Our planet and communities would be in better shape if more people could afford to spend time in the mountains. The following is our attempt to help with that.
Every trip will have one or two 100% or 50% grants, for individuals from backgrounds that typically don't get to go on these kinds of adventures. We are also looking to partner with organizations that work with such individuals. If you would like to apply for a grant please check the section at the bottom of this page. Requirements vary from trip to trip, but typically we'll want you to submit a personal statement and an essay or video on a prescribed topic, of 1000 words / 10 minutes. If you represent an organization that can help to facilitate access to our grants, please introduce yourself using the contact form.

If you don't get a grant, here is some free advice and a few cheaper options:
1. Advice
This is the beginning of a curated list of free resources that you might not find online, that provide information on a range of adventures accessible to people with different capacities, risk appetite, group sizes, and equipment. We have no affiliate connections and do not benefit if you click on anything, and also take no responsibility for what you find. Sometimes web links change or expire, please inform us if that has happened. We'll also try to post useful information through Instagram and Facebook.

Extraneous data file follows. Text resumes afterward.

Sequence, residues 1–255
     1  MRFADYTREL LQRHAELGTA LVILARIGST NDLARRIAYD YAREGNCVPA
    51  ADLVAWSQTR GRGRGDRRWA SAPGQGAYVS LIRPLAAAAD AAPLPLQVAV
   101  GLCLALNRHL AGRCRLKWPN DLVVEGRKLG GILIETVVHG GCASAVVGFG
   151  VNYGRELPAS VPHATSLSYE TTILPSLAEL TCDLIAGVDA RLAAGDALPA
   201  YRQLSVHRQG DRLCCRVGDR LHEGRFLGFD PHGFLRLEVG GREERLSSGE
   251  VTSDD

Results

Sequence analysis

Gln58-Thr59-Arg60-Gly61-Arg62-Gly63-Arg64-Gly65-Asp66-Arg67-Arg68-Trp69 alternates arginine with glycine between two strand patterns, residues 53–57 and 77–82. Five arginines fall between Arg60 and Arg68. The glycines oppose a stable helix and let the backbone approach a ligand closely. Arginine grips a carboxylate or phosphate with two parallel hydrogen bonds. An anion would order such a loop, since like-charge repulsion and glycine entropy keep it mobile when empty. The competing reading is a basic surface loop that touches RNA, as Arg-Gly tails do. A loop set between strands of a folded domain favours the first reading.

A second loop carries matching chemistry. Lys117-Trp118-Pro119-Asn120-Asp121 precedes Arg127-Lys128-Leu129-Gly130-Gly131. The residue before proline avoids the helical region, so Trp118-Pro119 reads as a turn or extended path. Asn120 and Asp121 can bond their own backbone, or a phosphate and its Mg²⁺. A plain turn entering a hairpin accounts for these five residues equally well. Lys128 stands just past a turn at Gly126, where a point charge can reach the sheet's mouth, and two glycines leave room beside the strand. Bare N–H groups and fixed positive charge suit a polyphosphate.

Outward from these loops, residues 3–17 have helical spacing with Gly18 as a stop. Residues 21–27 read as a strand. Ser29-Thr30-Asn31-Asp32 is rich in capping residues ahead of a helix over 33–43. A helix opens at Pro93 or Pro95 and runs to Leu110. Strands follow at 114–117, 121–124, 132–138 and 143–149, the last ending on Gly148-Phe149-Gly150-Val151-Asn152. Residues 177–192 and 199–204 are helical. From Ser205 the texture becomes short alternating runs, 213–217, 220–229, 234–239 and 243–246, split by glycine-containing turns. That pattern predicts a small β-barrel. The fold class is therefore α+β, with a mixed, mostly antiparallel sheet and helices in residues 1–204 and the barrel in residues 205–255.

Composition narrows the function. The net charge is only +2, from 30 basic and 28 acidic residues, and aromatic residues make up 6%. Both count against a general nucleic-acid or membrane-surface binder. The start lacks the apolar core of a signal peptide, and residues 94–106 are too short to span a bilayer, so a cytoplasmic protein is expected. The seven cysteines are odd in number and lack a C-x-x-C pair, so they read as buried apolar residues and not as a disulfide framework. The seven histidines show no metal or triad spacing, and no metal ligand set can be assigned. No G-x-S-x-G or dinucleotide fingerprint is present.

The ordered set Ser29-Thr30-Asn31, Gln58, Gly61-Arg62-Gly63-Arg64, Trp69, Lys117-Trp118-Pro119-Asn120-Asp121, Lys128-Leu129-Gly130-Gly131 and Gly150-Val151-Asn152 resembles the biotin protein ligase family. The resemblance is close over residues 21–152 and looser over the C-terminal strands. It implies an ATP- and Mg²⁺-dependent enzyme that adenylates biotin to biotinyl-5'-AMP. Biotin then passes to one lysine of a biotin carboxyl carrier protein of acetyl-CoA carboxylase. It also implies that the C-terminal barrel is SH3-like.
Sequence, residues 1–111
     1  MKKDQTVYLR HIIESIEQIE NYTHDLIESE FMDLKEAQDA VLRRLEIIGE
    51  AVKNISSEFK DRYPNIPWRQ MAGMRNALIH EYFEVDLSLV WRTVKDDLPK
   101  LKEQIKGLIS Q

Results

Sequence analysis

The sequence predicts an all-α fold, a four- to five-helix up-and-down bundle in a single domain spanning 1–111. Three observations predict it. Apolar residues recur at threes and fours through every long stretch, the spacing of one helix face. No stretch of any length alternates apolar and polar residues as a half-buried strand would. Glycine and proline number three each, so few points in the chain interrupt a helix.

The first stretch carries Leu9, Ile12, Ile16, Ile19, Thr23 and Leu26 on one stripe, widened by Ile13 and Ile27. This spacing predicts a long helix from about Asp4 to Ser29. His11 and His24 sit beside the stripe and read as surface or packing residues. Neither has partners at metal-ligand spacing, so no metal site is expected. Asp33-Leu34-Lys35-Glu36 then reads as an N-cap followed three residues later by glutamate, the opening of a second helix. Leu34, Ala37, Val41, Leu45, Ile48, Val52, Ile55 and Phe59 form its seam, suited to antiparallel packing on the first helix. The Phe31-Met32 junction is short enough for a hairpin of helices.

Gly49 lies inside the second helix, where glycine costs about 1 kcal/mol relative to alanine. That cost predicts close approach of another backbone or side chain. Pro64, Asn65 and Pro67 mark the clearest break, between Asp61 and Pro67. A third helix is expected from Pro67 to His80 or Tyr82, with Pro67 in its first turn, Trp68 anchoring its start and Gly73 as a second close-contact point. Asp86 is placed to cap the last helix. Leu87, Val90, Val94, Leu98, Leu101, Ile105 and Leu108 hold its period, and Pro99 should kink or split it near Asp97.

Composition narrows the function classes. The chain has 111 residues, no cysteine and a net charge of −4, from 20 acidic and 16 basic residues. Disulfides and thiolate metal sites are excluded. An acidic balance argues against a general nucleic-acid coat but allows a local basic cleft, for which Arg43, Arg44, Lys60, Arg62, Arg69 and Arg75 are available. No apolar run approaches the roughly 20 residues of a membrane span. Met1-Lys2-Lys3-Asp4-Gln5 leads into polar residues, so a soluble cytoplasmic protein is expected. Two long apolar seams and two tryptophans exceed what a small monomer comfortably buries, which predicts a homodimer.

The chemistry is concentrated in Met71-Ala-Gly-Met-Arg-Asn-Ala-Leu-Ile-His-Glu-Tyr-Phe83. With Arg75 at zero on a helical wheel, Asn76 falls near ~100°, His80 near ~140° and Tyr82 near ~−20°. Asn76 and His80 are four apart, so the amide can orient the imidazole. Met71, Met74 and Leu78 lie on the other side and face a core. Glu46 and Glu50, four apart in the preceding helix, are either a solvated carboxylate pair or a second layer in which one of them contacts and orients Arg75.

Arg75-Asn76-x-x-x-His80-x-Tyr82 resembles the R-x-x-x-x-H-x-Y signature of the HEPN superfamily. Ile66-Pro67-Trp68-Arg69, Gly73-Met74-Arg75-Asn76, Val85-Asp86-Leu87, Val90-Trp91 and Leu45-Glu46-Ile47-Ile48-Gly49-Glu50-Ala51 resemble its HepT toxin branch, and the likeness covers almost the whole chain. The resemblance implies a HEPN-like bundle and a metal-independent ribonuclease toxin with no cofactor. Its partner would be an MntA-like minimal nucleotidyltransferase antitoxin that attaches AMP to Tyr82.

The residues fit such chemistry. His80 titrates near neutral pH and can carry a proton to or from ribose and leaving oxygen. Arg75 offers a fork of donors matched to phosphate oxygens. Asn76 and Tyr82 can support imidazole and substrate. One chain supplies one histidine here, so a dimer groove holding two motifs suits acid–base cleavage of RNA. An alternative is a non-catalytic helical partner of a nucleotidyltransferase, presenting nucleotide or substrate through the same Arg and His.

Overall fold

2. Skills and courses
The Hanifl Centre, based out of Woodstock School in Uttarakhand, runs good courses at good prices. It may be the best quality/price option out there. Wilderness first aid and mountain travel courses are excellent investments that pay off every time you venture into the wilderness.
The WAFA course is probably the best value in terms of learning vs time and money. The WFR is great learning at twice the cost + time; the WEMT is amazing (so I am told) but not worth the time or money for most people.
WFA courses are not really worth doing.
Indian and Nepali citizens can also access extremely value-for-money mountaineering training through their respective government mountaineering institutes - just google "Basic Mountaineering Course" in India or Nepal.
HMI Darjeeling and NIM Uttarkashi are the best in terms of experience, learning, and time spent.
The Basic Mountaineering Course (BMC, 1 month long) is an essential step to the Advanced Mountaineering Course (AMC, also 1 month long). The BMC by itself is time-consuming and rather tedious for people with more than an introductory-level experience in the mountains, but you need to do it to get to the AMC and then to the Search and Rescue Course.
3. Grant Application
Currently accepting applications to the UWC Short Course - Himalaya Environment and Leadership Program. The financial aid section is on the 2nd page.
4. Animator Positions
Our animator position was created to give passionate and able young people a solid entry-point into this industry. We pay for flights, a WFR or similar qualification, and all your expenses, in exchange for your best effort volunteering and 'animating' others on a program.

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